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Comment period ended 28 November 2003 23:00 GMT
WHOIS Task Force 2
Description of Work
Amended: 29 October 2003
Title: Review of data collected and displayed
- 1 representative from each constituency
- ALAC liaison
- GAC liaison
- ccNSO liaison
- SECSAC liaison
- liaisons from other GNSO WHOIS task forces
- up to three outside advisors
Description of Task Force:
There are domain name holders that are concerned about their privacy, both in terms of data that is collected and held about them, and also in terms of what data is made available to other parties. In this regard it should be mentioned that there already is existing local law in several jurisdictions regulating this matter.
At the same time, domain names, associated email addresses, and web sites located by domain names can be used in connection with fraud, criminal activity, and intellectual property infringement. This gives rise to a need for accurate identification of the registrant, and/or a need to reliably contact the individual or organization that is the registered name holder. Many users of Whois perceive that there is an unacceptable level of inaccuracy in Whois data that compromises its ability to facilitate identifying and contacting registrants.
Similar trade-offs between privacy concerns and identification affect the technical functions of Whois. Extensive contact information can assist a registrar or network provider to contact a domain name holder in the event of a technical problem or in the event of domain name expiration. However, a domain name holder may be prepared to make a personal decision to accept a lower standard of service (e.g. take their own steps to be reminded of when a domain expires) in return for greater privacy. A domain name holder may be prepared to provide extensive contact information to their domain name provider, but would prefer to control what information is available for public access.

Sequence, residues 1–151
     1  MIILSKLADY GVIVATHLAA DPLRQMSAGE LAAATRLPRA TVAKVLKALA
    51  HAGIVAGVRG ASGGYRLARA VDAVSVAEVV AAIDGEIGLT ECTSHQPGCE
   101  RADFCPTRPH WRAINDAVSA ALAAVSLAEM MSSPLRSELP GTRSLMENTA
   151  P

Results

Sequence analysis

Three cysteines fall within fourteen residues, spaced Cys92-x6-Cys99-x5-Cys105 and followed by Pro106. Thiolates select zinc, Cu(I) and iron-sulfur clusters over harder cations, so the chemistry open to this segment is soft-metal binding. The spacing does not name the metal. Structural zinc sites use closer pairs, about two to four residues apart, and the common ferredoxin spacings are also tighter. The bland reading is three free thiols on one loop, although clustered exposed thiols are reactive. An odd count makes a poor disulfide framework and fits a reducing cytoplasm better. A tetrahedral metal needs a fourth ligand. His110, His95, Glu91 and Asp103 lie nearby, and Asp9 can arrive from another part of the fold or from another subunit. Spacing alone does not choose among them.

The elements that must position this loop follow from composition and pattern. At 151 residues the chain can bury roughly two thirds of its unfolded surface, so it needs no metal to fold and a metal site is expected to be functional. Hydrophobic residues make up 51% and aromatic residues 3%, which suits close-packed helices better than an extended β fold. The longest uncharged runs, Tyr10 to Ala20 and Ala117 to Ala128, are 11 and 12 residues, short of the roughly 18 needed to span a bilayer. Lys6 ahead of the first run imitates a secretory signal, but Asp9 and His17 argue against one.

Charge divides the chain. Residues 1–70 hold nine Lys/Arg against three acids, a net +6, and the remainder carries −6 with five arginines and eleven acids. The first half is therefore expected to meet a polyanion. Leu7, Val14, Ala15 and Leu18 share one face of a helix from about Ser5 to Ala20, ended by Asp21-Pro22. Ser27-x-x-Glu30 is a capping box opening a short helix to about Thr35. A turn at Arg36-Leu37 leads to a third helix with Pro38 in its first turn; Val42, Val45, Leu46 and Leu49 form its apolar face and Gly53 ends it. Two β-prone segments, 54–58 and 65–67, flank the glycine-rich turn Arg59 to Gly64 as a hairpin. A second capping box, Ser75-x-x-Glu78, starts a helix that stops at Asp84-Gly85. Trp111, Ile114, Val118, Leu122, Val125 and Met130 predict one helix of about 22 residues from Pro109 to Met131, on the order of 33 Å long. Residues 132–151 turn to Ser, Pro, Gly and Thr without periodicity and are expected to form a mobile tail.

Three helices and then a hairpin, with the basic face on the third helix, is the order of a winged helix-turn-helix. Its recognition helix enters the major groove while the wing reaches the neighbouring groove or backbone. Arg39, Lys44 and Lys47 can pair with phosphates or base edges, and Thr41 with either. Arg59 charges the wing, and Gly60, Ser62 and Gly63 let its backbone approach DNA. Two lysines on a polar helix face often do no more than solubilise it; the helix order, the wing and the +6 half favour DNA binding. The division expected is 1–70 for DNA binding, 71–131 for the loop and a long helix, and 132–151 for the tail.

Identifiers in other media typically attempt to balance identification and privacy concerns. For example a telephone customer may provide detailed address information to a telephone service provider, but may elect not to have this information displayed in a public whitepages directory. Note however that national laws often permit access to the complete information to groups such as law enforcement and emergency services personnel. Similarly, the ability of persons to opt out of public disclosure of some data may be limited.
Although the GNSO has in the past adopted new policies regarding the accuracy of data and bulk access, the prior Task Force chose to defer considerations of privacy to a future point.
Another issue is that there is limited public understanding of the present contractual obligations, including the obligations to disclose to those who provide data the uses to which it will be put, and to obtain their consent. Most domain name holders are probably unaware that their information is being displayed publicly via the present port-43 and interactive web access methods, or is made available to third parties under the bulk WHOIS access agreement.
The purpose of this task force is to determine:
a) What is the best way to inform registrants of what information about themselves is made publicly available when they register a domain name and what options they have to restrict access to that data and receive notification of its use?